Biological Anthropology Research Paper Essay
Physical or biological anthropology is a branch of anthropology that aims to study the interactions of biological processes and their effects on human populations, which implies a biological knowledge. In other words, it studies human considering its nature.
Use free sample research papers to understand that physical or biological anthropology is a discipline coming from both anthropology and biology, which specializes in studying collective variations between primates or people, unlike medicine, which studies the anatomical variation in individuals. Biological anthropology is engaged in the study of primate evolution in relation to environmental factors, as well as to the study of the relationship between the anatomy and behavior.
Biological anthropology is also subdivided into different branches. The sub-specialties of physical anthropology can be arranged in two trends: the descriptive and the metric.
The descriptive sub-specialties focus on comparing and contrasting appearances or not measurable between groups of characters. The metric sub-specialties study and develop techniques of measurement of the parts of the human body (Anthropometry).
The sub-specialties include:
Forensic anthropology; Primatology; Osteology; Somatology; Ontogeny; Paleoanthropology; Paleopathology; Genetic anthropology; Human Ecology.
A large part of the subject engaged in osteology (the study of bones), human genetics, and studying the relationship between the cranial evolution and the evolution of the human mind.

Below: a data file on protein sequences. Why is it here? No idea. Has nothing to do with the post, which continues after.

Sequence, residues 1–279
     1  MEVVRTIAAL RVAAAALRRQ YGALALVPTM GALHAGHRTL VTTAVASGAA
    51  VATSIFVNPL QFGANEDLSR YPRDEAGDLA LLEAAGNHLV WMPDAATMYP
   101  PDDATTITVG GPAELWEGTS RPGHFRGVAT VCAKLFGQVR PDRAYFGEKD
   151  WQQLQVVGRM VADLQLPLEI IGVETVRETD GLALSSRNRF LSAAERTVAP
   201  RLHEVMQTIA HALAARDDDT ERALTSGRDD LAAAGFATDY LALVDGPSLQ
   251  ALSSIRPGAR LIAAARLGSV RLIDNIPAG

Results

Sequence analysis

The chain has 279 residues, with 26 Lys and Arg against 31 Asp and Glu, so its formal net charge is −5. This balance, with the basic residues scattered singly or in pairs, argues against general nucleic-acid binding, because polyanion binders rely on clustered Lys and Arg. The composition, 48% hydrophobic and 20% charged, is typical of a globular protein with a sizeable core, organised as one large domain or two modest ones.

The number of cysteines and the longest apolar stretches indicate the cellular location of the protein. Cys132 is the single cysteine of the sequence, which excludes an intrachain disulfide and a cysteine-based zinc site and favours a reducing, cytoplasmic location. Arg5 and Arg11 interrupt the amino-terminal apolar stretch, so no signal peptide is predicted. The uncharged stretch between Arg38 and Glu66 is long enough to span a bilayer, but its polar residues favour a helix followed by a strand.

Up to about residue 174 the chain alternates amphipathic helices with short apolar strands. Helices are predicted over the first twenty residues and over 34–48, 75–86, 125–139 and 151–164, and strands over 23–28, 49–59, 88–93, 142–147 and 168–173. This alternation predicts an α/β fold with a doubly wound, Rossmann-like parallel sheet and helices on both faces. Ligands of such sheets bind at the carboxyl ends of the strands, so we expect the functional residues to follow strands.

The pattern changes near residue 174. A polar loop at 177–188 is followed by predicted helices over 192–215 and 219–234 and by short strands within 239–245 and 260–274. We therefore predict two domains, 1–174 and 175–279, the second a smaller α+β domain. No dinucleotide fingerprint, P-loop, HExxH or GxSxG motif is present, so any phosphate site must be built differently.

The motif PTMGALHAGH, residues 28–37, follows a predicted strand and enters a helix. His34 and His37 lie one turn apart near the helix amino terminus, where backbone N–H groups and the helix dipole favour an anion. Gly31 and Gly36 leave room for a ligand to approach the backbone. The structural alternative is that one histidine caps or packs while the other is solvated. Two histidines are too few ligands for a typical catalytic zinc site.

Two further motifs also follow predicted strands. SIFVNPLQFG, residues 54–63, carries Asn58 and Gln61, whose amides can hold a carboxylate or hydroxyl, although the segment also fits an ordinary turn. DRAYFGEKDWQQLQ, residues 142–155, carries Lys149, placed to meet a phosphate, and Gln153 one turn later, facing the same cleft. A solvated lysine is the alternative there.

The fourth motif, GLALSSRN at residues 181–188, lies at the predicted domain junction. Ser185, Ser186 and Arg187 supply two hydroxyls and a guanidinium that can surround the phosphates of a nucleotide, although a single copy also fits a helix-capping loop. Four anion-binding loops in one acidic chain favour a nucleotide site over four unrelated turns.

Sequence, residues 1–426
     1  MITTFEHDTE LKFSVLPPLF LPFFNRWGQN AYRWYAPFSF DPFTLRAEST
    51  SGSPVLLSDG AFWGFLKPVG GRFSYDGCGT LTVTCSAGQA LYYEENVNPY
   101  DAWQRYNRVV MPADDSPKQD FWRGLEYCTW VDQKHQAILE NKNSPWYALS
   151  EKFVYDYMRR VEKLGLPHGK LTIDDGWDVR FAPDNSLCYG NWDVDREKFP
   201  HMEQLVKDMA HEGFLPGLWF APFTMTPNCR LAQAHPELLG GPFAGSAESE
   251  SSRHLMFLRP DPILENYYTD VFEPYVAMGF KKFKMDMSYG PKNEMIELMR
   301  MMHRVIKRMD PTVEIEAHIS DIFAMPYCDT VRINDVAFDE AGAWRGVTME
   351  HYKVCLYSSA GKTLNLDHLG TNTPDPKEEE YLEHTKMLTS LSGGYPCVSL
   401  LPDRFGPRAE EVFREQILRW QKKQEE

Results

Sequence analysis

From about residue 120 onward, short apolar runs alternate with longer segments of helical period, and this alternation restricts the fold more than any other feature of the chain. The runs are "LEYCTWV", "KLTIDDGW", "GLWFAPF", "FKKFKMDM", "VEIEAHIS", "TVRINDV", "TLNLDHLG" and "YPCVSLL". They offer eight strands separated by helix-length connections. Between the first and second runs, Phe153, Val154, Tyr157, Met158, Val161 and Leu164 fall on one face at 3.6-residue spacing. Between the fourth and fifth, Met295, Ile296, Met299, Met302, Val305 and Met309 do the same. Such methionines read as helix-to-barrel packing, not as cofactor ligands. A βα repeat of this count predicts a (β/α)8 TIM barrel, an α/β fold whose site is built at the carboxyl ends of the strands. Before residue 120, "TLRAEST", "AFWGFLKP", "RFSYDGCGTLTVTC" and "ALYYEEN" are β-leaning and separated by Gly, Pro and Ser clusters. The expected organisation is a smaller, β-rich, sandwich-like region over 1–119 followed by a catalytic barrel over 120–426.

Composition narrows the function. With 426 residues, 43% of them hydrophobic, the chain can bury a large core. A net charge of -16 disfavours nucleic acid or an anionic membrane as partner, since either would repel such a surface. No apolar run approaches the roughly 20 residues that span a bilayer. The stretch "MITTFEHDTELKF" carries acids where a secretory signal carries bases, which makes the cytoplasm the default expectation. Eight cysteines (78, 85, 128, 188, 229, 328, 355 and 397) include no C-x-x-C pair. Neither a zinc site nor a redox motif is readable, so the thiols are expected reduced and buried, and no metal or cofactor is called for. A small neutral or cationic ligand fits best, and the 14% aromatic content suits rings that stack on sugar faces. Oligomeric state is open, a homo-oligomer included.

From the middle of the 20th century, biological anthropology has been criticized for producing and fueling racist theories, in which it was common to classify human races as biologically based. The subject led to the perception of the existence of separate human races, that these were better or worse suited to the Western civilization and its values.
Initially, the theory of natural selection by Charles Darwin was used as theoretical basis. Then, in 1953, the theory of natural selection was added and deepened by the success of Francis Crick, Maurice Wilkins, and Rosalind Franklin, under the supervision of James Watson to decipher the structure and molecular composition of the DNA (deoxyribonucleic acid). This discovery allowed molecularly understand the phenotypic variability of organisms and, thus, be able to understand how the evolutionary process has been biochemically. Biochemical understanding allowed the analysis of the genetic affinities between different organisms, to validate, evenmore, the theory of the common ancestors.
Physical anthropology, as anthropological sub-discipline, is seen in a process of constant change, because those principles and idealsthat inspired the first anthropologists have been cancelled. The search for the unknown that characterized the first anthropologists is threatened by the accessibility of information, which overrides the need for exploration. Therefore, contemporary anthropologists should always consider the ideologies and the contributions of his predecessors. However, the modern methods of research should be selected with more caution, since the interactions of human beings with society and environment are changing very quickly. However, biological anthropology having its various sub-specialties each has its main focus subject, complement each other and contribute to its universal utility.